Tuesday, 10 July 2012

1983: MANIMAL

Jonathan Chase: master of the secrets that divide man from animal... animal from man... Manimal.

Remember MANIMAL, the blink-and-you-missed it show that, frankly, made no sense but has retained a cult following?

It's due to (finally) get a DVD release in the UK in the near future (Amazon.co.uk currently has a due date of 27 August 2012) so, to set the scene, here's the show's quintessentially eighties title sequence as well as a couple of Professor Jonathan Chase's (Simon Maccorkindale) painfully predictable transformations.

The short-lived show (a suprisingly-sparse 8 shows including the feature length premiere) was another of schlock meister Glen A. Larson's back-of-an-envelope creations and, like so many of his shows, was a neat premise that lacked any substance.  Manimal, by all accounts something of an industry joke even before its premiere.

Manimal hit US screens in September 1983 (and reached the UK, in a prime time BBC ONE slot, in June 1984).  At the same time, Larson was also producing his other short-lived gimmick show of the season: the ever-so-slightly-inspired-by-TRON AUTOMAN (which clocked-up a not-much-better 13 shows).

Even by Larson's undemanding standards, Manimal is a pretty juvenile show and it probably would have had more of a fighting chance as either a comic book or a Saturday morning animation.  It does borrow heavily from Ken Johnson's adaptation of THE INCREDIBLE HULK (still the best screen version despite Marvel's big spending blockbusters), specifically the child-pleasing several-transformations-per-episode formula.

Despite Larson's experience in the trenches of weekly TV drama production (this is the man that made BATTLESTAR GALACTICA and BUCK ROGERS IN THE 25th CENTURY a few seasons earlier), it seems like he failed to anticipate the logistics of trying to replicate the Manimal formula episode-after-episode.  Chase's pre-CGI transformations (from professor-of-prosthetics Stan Winston) are technically excellent but quickly become boring when seen episode-after-episode.  Larson doesn't seem to have had the time or budget to add to Chase's repertoire so we see the same few on-screen transformations (panther and hawk, see below) ever week and anything else conveniently happens off-screen.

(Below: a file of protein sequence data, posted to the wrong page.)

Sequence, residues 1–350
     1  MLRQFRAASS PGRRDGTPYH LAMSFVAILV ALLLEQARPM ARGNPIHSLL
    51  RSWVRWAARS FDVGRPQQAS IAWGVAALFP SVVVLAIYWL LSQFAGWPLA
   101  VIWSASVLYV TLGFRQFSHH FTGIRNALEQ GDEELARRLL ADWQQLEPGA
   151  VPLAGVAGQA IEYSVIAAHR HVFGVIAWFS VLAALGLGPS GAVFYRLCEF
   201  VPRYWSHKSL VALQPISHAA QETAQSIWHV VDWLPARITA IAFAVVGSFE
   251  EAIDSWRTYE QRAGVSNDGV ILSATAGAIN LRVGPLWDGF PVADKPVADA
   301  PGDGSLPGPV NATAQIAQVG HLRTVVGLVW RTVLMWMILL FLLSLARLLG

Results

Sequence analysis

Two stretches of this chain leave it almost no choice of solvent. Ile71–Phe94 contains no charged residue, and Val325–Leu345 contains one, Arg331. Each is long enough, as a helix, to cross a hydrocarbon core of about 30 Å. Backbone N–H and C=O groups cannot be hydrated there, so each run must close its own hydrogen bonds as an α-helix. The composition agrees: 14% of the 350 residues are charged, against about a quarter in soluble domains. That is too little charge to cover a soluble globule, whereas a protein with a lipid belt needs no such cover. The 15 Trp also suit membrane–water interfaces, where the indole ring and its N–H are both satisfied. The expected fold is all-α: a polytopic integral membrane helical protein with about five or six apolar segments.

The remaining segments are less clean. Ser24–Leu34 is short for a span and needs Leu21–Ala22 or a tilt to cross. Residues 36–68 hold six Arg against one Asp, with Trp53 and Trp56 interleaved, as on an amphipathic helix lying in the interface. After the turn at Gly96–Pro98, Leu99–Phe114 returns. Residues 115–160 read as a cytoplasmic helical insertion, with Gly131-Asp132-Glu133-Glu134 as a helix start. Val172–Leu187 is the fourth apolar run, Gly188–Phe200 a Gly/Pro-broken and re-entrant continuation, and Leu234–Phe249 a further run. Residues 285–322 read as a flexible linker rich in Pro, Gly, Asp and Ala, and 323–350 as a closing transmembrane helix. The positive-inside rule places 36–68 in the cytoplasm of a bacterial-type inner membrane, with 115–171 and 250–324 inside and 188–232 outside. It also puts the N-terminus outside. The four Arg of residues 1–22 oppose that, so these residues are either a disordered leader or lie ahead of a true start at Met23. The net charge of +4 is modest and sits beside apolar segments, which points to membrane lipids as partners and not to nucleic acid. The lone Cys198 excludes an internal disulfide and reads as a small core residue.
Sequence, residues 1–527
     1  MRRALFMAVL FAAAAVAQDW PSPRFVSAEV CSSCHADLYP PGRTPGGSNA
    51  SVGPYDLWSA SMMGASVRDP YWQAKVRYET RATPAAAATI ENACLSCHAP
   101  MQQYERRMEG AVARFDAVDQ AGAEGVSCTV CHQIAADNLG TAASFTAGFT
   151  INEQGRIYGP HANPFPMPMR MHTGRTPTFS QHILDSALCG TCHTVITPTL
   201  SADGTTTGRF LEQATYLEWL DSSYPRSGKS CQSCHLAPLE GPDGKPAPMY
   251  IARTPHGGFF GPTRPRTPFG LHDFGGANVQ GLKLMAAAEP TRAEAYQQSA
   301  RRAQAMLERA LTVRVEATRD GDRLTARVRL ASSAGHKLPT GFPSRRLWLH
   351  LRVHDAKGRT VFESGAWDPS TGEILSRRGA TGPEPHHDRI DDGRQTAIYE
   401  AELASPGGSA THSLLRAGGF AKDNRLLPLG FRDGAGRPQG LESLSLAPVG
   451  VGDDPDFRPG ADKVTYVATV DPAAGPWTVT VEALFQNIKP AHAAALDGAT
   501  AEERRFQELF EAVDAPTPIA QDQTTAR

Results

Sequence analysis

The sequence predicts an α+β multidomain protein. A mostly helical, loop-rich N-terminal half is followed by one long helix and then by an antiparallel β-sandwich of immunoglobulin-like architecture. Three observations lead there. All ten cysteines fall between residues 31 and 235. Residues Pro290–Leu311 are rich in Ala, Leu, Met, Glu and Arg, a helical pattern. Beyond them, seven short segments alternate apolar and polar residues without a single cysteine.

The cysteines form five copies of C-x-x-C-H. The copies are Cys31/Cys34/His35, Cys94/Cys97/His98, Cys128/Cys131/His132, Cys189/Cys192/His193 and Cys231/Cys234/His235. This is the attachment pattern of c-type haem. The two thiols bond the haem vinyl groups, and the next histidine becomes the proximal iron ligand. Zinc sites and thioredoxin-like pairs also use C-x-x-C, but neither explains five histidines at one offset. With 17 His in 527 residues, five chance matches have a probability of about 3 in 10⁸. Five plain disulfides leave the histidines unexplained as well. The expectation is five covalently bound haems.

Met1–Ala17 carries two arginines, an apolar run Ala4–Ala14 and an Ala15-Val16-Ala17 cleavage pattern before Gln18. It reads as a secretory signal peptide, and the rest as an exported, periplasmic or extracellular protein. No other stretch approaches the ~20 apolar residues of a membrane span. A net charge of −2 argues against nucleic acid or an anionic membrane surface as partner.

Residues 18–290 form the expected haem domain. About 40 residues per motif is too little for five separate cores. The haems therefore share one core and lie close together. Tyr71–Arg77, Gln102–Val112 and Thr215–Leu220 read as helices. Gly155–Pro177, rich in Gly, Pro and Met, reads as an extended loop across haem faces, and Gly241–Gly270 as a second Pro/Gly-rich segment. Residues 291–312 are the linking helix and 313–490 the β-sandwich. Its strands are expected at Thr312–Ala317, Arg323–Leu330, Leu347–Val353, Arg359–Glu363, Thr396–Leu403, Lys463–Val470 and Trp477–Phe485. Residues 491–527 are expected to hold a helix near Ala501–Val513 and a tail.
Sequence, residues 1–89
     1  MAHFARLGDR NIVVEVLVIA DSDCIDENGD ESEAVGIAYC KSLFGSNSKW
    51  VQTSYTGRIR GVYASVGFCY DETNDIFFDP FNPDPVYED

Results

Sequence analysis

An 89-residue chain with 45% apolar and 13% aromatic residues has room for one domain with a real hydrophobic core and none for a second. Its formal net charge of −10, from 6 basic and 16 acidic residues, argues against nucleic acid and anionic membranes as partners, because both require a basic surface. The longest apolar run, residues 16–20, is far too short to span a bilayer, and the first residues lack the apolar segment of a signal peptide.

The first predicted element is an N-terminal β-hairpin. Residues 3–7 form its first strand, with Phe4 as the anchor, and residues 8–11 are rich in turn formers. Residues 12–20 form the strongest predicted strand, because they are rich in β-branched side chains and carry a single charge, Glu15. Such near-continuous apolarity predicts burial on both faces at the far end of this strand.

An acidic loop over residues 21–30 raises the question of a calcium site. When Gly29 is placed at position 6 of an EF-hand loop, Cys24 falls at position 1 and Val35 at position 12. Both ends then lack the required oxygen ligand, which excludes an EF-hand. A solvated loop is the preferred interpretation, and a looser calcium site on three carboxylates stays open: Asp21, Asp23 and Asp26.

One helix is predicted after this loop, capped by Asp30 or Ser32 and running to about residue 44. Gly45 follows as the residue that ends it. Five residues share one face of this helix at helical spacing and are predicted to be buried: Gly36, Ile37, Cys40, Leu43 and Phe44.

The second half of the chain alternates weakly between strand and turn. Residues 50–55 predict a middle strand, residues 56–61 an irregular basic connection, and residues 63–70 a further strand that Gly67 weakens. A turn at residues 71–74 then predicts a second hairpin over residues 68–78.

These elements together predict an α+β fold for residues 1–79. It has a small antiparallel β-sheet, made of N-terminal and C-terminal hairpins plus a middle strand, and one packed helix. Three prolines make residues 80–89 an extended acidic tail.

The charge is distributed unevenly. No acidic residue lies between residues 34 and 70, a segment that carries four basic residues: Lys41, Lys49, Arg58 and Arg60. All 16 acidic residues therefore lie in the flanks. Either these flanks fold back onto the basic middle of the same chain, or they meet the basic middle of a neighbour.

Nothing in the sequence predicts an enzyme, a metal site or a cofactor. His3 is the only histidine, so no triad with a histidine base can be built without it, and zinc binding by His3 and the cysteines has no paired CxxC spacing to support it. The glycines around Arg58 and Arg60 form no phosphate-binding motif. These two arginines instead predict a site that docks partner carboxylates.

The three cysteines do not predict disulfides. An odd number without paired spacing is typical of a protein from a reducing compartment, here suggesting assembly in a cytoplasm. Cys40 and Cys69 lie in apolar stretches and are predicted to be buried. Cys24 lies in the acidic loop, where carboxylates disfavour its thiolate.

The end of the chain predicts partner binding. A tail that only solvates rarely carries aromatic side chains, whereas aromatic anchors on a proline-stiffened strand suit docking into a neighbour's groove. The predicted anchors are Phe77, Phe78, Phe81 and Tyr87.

The show's other problem is that bugger-all makes sense.  Even as an undemanding child, I was left with a lot of questions (and even more after revisiting the show, via bootlegs, a few years ago):
- How do you "learn" to become a shape-shifter?
- He's clearly British (another example of Larson trying to make his James Bond fetish work on the small screen per chance?) but also a Vietnam Vet.  How so?
- Infamously, where do his clothes go when he transforms?  And how does he get them back afterwards?
- Why does it look (and sound) like Chase is having an energetic wank (specifically the "amusing" back-of-the-cab scene) when he transforms?
- If he's such as animal expert, why is Chase's repertoire of transformations so limited?
- How many animal-related crimes could the NYPD conceivably have to deal with?

Despite the sheer stupidity of the shape-shifting shenanigans, the cast do their best to make it work.  The late Simon Maccorkindale does it with dignity and Melody Anderson (FLASH GORDON.  Hurrah!) may not be a great actress but she's a lot of fun.  It's a shame Larson couldn't find something for her to do when he drafted in her former co-star for THE HIGHWAYMAN.

William Conrad (the - err - fat man in JAKE AND THE FAT MAN) provided the narration.  He was a frequent Larson collaborator, performing the same duties on BUCK ROGERS IN THE 25th CENTURY and THE HIGHWAYMAN.

The show made a greater impact in the UK thanks to its peak time slot on the BBC (and, besides, at that time anything from America had a whiff of glamour and sophistication... even when it was pants) and, according to perceived wisdom, also travelled well in other markets (France is often cited as a bastion of Manimal fans... but it it true?).  Larson's decision to revive the character over a decade later (November 1998) in a sneaky attempt to revive the franchise would seem to support that.

NIGHTMAN saw Larson (by now past his producing prime) return to super heroics by adapting the Malibu Comics character (by the time the show aired, Malibu had been snaffled-up by Marvel Comics).  The show is no-great-shakes (and the costume looks terrible) but it still managed to clock-up two seasons in first-run syndication.  The episode Manimal (what else?) surfaced early in season two and saw Maccorkindale reprise the role.  Inexplicably, not only is Chase still transforming... he's now also a time traveller hunting Jack the Ripper.  Nightman was not a show grounded in reality.  Chase's daughter has also grasped the powers of the beast and Larson was clearly using the episode as a back-door pilot for a possible spin-off.  It never happened.  Larson also plundered his back catalogue for a Hasselhoff cameo in Nightman's pilot and an episode which remade a HIGHWAYMAN script (as well as borrowing a shed-load of footage and getting one of the trucks out of storage).

The show's merchandising was, understandably, sparse although Britain did get a single annual, released in 1984 (top left).

THE TITLES:

THE TRANSFORMATIONS:




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